One question: Have you spent less after the pandemic lockdown till date?
My answer to this question is a profound yes.
It actually did surprise me. Let me tell you, I was never an over spender. My parents never gave any pocket money. I think they did me a big favour by not giving me any money. Obviously, I never threw any birthday parties or such sort of things. I have never been to a movie with friends either. All this might sound very insane to some. My parents are very protective. I am from a very conservative family too. I have never seen my parents indulge in luxury. Anything more than need was very well thought about before we bought. I learnt that money is very valuable and important as well.
From my early years in college, there was a wrist watch I really wanted to own. It would cost some 4000 INR to purchase that. My first salary was four times more that the cost of that watch. I didn’t buy the watch. Not for one month or one year. Four years into my career, in one of the conversations with my colleague I realised that this wanting of mine has not been fulfilled yet. The very next month, I bought that watch. I was very satisfied with that purchase. I realised, I still follow what I learnt from my parents.
One more thing I always spared myself from owning is a car. I have two favourite cars till date, the Chevrolet Spark and the Tata Nano. It was always in my power to own those. There were times I was so tempted to buy them. Once I stood outside of the Tata showroom glancing at the Nano fore more than an hour. That day it would have taken just a few steps and a swipe of my credit card to own the car. I resist that temptation by asking myself the need to have a car for myself. I am not at all a greedy person. There were days when I paid my credit card bills that were close to 1 Lakh INR. I can own an Audi, but, I won’t. If car really becomes a necessity, I would buy something reasonably good than spending a hefty amount on an Audi.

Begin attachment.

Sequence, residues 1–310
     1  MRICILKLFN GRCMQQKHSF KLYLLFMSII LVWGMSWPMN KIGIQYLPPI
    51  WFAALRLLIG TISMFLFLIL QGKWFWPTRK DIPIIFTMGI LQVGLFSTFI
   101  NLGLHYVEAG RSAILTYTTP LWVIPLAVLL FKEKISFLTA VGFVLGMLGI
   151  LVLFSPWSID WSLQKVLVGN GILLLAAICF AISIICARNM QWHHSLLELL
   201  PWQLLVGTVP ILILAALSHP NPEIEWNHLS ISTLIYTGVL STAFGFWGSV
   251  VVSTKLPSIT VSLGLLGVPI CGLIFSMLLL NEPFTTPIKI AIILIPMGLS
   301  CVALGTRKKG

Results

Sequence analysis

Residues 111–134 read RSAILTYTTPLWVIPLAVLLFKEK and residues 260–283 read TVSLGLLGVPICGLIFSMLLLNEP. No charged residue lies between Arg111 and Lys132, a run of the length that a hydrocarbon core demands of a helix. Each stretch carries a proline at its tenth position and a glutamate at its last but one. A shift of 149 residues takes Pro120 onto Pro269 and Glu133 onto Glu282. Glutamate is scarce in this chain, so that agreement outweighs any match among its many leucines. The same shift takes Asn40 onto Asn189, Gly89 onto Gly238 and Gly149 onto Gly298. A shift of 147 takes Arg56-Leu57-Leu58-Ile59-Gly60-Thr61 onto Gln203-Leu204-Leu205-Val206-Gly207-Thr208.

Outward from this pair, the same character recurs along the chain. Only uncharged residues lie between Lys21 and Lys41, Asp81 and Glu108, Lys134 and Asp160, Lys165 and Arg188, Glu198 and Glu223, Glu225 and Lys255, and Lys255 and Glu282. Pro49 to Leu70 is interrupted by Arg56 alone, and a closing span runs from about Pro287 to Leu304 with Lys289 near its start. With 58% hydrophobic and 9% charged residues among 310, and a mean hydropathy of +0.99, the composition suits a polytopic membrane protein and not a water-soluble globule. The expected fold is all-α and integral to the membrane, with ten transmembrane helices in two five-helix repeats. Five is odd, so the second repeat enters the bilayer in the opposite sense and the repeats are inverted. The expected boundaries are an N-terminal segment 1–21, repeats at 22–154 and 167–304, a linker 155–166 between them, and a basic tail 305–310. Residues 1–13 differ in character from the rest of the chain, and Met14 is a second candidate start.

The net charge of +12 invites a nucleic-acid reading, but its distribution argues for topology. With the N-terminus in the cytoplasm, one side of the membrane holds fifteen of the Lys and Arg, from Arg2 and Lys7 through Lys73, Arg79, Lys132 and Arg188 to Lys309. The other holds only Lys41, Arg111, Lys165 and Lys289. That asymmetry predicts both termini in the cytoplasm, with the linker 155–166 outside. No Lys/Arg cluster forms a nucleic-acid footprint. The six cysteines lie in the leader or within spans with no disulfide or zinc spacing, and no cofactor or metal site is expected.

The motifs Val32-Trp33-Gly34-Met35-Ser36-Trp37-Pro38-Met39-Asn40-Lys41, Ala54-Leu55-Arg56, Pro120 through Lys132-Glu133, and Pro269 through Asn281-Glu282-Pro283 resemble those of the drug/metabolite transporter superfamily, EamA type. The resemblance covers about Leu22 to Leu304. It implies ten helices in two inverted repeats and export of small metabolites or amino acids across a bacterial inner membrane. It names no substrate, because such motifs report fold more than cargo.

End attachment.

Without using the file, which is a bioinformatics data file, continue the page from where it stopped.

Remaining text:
I have a credit card. I owned one from the time I started working. I wanted to have the most convenient means to spend but still have that control on how much I actually spend. One might say it is tough to be so, but I would say that requires tiny bit of self discipline. I don’t drink. I don’t party. I don’t visit fancy restaurants. No fine dining. I don’t buy ornaments. I don’t go to parlour for any beauty treatments. Please don’t judge me by what I said, because none of them give me happiness. I find joy in travelling, trying different cuisines, dining at offbeat places, trying local food etc. All this is expenditure too. These are not necessarily needs all the time, sometimes that is just our “me” time.
I think as humans, we have to balance between when we spend and when we shouldn’t rather than what we want or need. There is no particular thin line or thick like that differentiates need from a want. That depends on many other factors. Sometimes, it helps to just go handsfree and buy whatever we like. This definitely helps improve the mood and make us feel better but, this cannot become a habit. The other times it is just better to not spend. At the end of the day, what makes us happy could be different on different days.
Coming back to the question I started the article with, yes, I almost completely stopped buying clothes or shoes for more than 6 months. Just this month, I went ahead and bought some stuff. I bought clothes, some plants, some area rugs for home. It felt nice spending after a long time. If we can control our urge to not overspend, we won’t fall prey for consumerism at large.
“A person buying ordinary products in a supermarket is in touch with his deepest emotions.”